|Casein Form (CF)|
|Rennet casein (RC)||11.42a||27.09a||589.83a||13398.33a||32.71a||578.16a||0.00239b|
|Carbonated Casein (CC)||7.61c||21.12c||375.16b||9550.50c||17.88c||359.16b||0.00187c|
|Mixture of the two forms(MF)||10.48b||21.50b||592.33aa||11593.50b||31.73b||584.50aa||0.00271a|
|Casein to Fat Ratio in the drying slurry (CFR)|
|CF × CTR|
|RC × 1:1||8.41||9.25||580.33||12301.33||23.11||575.33||0.00187|
|RC × 2:1||14.44||44.93||599.33||14495.33||42.31||581||0.00292|
|CC × 1:1||7.21||14.2||348.66||9203.33||16.76||329||0.00182|
|CC × 2:1||8.01||28.04||401.66||9897.66||19.01||389.33||0.00192|
|MF × 1:1||9.96||15.04||587.33||10696||26.31||576.66||0.00246|
|MF × 2:1||11||27.96||597.33||12491||37.15||592.33||0.00297|
Table 4: Ls means values for casein form, casein to fat ratio in the drying slurry and casein form × casein to fat ratio in the drying slurry on the Melt and stretch profile of the reconstituted instant Mozzarella cheese powders.
Hunter colour values of the instant Mozzarella cheese powders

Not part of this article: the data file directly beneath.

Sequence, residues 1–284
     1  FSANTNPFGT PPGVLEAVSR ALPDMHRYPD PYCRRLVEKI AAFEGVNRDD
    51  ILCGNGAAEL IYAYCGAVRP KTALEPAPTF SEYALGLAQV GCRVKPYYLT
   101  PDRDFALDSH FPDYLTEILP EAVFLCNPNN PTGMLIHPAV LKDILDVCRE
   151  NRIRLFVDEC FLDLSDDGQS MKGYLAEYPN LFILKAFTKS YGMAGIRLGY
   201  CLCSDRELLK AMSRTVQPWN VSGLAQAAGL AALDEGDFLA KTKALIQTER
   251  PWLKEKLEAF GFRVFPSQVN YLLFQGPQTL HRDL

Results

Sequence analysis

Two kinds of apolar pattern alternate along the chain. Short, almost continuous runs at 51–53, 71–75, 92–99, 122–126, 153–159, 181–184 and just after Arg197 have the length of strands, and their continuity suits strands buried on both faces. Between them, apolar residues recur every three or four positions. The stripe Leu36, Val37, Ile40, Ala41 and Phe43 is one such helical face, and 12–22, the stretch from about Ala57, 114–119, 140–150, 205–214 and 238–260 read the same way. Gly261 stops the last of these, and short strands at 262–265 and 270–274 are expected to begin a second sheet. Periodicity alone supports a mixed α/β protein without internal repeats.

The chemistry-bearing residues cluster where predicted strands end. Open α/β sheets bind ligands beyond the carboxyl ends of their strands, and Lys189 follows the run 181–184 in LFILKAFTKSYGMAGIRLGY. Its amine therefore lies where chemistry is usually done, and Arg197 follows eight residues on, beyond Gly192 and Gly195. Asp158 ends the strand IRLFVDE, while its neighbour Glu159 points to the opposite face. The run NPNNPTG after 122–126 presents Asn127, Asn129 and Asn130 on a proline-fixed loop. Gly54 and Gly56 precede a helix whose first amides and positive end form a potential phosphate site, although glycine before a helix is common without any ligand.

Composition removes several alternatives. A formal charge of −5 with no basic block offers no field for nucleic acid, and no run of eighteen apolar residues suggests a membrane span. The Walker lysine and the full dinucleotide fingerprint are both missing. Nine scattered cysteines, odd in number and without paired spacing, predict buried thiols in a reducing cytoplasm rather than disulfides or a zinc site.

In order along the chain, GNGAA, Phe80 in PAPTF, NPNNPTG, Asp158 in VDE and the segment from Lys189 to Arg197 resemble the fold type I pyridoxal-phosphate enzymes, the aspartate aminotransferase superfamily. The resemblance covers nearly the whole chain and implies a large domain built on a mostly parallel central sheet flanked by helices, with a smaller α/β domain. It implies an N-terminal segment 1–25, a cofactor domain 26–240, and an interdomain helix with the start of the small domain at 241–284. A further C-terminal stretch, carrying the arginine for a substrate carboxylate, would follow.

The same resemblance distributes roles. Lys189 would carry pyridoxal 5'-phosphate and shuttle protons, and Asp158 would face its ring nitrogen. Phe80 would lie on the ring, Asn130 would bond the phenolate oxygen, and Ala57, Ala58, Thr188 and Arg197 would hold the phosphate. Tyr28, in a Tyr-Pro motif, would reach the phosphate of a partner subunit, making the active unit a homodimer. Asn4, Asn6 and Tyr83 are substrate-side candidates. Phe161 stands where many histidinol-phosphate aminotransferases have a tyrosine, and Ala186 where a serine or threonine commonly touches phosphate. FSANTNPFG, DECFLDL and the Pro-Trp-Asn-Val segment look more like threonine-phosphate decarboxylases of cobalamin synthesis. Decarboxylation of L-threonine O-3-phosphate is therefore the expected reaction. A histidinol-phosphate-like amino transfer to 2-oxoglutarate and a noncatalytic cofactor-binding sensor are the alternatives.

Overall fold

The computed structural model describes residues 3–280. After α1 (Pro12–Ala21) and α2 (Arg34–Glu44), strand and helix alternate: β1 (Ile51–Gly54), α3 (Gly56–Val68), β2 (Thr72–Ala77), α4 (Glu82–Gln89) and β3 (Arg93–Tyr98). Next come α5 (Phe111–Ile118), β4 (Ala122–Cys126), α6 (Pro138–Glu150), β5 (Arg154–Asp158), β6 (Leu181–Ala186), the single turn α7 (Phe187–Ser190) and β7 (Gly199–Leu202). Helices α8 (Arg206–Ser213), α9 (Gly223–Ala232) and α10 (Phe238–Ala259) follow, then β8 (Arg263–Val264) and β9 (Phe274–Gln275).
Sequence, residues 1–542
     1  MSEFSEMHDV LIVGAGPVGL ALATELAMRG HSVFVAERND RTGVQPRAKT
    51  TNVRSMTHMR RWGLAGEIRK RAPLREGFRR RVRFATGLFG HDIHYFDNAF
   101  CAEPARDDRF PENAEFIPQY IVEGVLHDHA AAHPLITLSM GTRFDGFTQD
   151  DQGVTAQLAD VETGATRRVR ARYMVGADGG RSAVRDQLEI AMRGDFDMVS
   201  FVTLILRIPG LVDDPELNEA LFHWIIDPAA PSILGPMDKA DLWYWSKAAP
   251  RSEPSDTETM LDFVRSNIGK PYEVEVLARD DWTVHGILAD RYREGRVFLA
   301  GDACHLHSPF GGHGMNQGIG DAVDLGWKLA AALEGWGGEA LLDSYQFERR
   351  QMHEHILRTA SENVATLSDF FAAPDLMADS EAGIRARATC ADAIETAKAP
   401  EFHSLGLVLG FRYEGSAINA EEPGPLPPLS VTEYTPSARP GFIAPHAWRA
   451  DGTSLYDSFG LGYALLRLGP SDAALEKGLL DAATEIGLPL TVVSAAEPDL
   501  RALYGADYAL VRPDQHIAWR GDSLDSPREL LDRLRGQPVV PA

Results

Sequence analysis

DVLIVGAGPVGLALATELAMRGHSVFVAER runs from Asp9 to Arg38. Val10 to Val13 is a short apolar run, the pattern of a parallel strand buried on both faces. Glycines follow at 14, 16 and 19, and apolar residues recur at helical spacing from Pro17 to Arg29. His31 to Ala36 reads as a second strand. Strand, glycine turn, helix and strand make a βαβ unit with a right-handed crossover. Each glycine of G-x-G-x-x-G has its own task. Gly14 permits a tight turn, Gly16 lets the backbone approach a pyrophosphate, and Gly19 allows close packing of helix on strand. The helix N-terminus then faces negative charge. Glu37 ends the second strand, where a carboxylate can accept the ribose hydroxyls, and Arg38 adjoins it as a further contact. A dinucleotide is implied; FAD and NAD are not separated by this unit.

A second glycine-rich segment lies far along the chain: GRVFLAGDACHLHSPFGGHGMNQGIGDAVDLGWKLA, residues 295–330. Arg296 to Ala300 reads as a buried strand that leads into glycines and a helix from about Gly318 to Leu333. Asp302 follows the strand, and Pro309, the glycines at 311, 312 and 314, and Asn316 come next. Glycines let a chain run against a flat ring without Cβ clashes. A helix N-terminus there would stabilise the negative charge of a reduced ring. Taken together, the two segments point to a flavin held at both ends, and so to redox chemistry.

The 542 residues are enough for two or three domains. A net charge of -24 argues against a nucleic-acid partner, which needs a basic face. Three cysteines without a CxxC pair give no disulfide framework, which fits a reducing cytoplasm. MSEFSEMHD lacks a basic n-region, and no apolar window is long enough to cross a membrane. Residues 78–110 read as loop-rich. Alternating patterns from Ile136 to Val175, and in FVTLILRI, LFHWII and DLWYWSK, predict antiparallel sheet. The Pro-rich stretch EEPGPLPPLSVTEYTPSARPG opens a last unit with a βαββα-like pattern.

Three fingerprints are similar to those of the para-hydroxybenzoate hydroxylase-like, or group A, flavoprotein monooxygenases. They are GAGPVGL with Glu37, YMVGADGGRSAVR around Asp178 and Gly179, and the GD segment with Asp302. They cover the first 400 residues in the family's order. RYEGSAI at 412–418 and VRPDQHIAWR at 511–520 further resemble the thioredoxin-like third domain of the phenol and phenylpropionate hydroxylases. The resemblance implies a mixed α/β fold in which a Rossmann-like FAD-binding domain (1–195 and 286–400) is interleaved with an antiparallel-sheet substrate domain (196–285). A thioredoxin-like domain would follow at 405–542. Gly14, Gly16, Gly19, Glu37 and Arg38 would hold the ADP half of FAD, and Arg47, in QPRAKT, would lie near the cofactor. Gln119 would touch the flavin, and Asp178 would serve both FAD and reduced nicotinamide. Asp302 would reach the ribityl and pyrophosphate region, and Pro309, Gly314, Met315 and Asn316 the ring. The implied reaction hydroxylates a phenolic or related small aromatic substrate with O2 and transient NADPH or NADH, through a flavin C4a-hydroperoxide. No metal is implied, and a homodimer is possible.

Data demonstrated that, the carbonated casein cheese powders gained the highest L-value, followed by those of the mixed casein forms, while the powders of rennet casein came in the latest order. Moreover the latter powders kept their high lightness after reconstitution. That could be due to the very low median particle size of the carbonated casein powders. Similar observations were obtained by Banavara . The reduced fat powders possessed higher whiteness than the high fat ones, possibly due to the comparatively high protein of the former powders which form more compact protein matrix in comparison with the high fat powders. Regarding Hunter colour a-values, the casein form had a significant effect on powders red/brown colouration, where the powders of carbonated casein had the worst colouration reflecting the highest a-values, followed by those of the mixed casein, while the rennet casein powders possessed the lowest values. That could be ascribed essentially to the comparatively high lactose content of the carbonated casein powder which might have undergone Maillardʼs reaction during the slurry preparation especially that the slurries of that powder underwent to longer heating time that the other slurries. Moreover, the carbonated cheese powders kept their higher a-values after reconstitution, while adding water to the rennet casein powders led to increase their red/ brown colouration, possibly due to the relatively high particle size and the less compact protein matrix which encouraged the extend of Maillardʼs reaction. Furthermore the powders of mixed casein forms obtained the lowest a-values after reconstitution. The increase in fat led to increase powders’ avalues, whereas the low fat powders reflected the highest a-values after reconstitution. These phenomena are in partial accordance with those of Thomas . Regarding Hunter b-values which represent the yellowish colouration, the results stated that the casein form affected the yellowness significantly, as the rennet casein powders had the highest values, followed by the mixed casein powders, while the carbonated casein ones came in the latest order Table 5. That could be attributed to the relatively low lactose and protein contents of the rennet casein powders which led to slow the extent of Maillardʼs reaction, also the comparatively high moisture contents of those powders may played its turn in diluting the Maillardʼs reaction products. Likewise, the high fat powders possessed higher yellowness than the low fat ones, due to the slow extent of Maillardʼs reaction besides the direct contribution of palm oil in the powders ’ colour. Similar observations about the contribution of palm oil and its derivatives in processed cheese colouration were reported by Ismail [41-43].